The objective was dual. First our internal researches proved that the GPA and selectivity of school was not necessarily predictive of performance. Second, from a business perspective, if you want to develop a product adapted to everyone, you need to ensure your workforce is as much diverse as possible and representative of your customers group. Without females involved in the design of the cars, the automotive industry would have never been able to capture the women market!


From your experience with Google, have you noticed a change in the company culture? We had a chat recently with Paul Ollinger (ex-Yahoo! and ex-Facebook). He was telling us that the friction didn’t really happen with MBA specifically but more in terms of tension between tech and business units. Would you say that it was the same with Google?

Anne Caron

Corporate culture evolves over time and this is surely very true for Google. This is a fact and there is nothing you can do about it. However, what you can and need to do as a founder or a management team is to be conscious and deliberate about it. You need to drive change instead of experiencing it passively. Company culture has to be at the Centre of the people and business strategy.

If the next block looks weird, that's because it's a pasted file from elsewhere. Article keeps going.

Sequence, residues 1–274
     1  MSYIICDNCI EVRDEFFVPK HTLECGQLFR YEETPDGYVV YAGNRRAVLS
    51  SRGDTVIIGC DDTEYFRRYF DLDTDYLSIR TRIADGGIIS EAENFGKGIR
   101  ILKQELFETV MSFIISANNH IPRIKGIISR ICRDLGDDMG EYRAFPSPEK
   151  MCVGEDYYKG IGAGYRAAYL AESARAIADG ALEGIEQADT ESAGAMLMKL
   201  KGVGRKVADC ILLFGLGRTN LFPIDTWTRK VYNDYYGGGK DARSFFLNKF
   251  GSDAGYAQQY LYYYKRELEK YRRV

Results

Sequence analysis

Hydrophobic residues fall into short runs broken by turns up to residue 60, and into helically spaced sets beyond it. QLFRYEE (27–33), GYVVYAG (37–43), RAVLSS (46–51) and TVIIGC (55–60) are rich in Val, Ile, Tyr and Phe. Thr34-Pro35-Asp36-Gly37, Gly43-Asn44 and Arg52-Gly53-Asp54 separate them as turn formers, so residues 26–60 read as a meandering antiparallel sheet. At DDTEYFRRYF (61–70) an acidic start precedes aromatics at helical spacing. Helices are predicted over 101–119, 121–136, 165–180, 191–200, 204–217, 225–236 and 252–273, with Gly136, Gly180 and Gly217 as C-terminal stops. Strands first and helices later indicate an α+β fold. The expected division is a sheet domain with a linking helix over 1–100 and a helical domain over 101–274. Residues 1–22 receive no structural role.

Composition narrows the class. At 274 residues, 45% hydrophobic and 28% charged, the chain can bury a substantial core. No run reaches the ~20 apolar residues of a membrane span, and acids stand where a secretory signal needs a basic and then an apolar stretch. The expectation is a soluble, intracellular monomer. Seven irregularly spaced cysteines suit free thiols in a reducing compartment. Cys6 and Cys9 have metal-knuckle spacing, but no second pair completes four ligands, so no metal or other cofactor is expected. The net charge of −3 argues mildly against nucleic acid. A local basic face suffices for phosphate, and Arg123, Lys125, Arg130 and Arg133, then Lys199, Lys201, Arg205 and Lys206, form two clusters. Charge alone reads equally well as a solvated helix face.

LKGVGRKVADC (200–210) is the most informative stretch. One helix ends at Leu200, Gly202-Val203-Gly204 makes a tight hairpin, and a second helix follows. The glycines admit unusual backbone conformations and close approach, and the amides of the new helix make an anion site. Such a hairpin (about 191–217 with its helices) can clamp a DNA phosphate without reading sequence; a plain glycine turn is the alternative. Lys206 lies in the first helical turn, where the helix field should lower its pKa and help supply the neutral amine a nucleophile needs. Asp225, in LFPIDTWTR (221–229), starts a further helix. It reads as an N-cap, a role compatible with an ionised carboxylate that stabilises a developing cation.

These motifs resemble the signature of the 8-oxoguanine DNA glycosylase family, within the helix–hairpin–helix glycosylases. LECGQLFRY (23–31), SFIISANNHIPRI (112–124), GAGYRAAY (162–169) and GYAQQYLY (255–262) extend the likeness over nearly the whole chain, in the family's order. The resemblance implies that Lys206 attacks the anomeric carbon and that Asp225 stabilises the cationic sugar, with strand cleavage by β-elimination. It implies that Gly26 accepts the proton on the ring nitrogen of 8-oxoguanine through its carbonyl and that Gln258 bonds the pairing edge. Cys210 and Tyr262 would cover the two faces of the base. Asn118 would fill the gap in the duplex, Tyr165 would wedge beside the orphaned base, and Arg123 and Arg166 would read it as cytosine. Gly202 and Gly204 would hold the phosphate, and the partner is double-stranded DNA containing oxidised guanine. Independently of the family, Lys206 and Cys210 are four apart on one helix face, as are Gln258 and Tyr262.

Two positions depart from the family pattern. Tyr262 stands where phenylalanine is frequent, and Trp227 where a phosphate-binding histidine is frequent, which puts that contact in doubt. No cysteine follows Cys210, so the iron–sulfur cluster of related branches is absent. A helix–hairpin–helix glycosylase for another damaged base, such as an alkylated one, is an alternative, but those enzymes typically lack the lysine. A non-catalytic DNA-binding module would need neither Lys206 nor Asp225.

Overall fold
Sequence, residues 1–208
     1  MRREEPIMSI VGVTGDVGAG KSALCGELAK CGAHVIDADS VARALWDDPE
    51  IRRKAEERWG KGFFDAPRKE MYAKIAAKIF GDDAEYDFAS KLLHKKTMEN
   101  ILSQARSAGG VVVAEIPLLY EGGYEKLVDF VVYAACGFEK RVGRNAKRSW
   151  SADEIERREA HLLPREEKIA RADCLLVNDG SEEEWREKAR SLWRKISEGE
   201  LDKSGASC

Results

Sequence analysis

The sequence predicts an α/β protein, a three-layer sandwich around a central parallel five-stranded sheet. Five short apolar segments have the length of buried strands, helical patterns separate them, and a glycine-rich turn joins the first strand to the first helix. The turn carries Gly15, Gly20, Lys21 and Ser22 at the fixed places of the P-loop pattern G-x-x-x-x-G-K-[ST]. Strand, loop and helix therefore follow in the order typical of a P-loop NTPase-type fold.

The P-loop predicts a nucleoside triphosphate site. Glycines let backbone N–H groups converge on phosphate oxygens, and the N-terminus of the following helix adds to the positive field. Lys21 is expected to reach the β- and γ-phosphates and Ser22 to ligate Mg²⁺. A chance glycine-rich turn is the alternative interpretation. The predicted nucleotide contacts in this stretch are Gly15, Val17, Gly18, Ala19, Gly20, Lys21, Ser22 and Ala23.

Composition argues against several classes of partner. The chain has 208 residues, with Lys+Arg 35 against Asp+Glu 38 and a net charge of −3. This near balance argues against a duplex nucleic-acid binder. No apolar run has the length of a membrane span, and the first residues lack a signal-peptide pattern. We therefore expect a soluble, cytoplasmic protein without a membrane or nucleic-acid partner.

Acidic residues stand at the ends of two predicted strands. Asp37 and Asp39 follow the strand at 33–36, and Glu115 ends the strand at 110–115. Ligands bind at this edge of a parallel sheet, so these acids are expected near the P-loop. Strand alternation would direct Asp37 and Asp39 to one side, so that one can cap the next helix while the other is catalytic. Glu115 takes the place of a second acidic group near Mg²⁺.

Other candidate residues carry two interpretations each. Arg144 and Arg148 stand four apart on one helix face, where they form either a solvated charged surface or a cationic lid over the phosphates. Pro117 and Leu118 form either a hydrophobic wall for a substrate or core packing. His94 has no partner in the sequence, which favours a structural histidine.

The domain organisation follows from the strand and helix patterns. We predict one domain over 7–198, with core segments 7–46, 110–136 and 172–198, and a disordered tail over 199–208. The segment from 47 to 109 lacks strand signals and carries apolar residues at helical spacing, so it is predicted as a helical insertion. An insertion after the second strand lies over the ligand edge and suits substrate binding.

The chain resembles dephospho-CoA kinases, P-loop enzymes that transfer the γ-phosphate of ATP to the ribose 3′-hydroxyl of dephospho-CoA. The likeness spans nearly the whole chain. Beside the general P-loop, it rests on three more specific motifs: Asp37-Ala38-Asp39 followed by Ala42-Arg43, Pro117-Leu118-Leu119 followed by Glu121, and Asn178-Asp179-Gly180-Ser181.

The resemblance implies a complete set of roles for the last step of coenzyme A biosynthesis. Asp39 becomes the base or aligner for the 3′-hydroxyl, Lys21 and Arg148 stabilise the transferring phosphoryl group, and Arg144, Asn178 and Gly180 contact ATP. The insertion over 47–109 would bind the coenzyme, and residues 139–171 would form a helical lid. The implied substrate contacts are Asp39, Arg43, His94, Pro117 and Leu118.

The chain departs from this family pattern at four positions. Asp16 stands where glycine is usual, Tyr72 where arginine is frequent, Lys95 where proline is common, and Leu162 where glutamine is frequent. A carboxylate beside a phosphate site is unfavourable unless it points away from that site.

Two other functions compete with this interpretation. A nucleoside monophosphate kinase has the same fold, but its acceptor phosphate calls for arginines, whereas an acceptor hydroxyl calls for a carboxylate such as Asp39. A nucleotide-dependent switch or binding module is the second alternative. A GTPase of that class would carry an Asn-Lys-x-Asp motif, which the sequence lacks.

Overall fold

In 2006 when I joined, we were 70–80 people in our Paris office and some were there since the opening of the office. Some of the original team members started to feel disconnected and nostalgic of the office they started few years before, and a number of them had left within the next 5 years. It’s not that they didn’t love Google anymore. They just did not feel they fitted in anymore. It’s cyclical. Google grew considerably, the profiles getting in evolved (more MBA-like!). It was indeed impacting the culture, especially in the smallest offices.

Google leadership team understood something sooner and better than most of the tech behemoths’ leadership team.

They understood that people strategy has to be central and that the corporate culture is at its center. Stacy Sullivan (Google Chief Culture Officer) is a key member of the leadership team. She ensures that culture is adapting and aligned with Google business goals. As Google grew dramatically over the past 10 years, inevitably the Company Culture evolved too. But it did in a conscious and driven way, to ensure it was providing a clear direction, a meaningful purpose and that consistency is maintained in everything we do.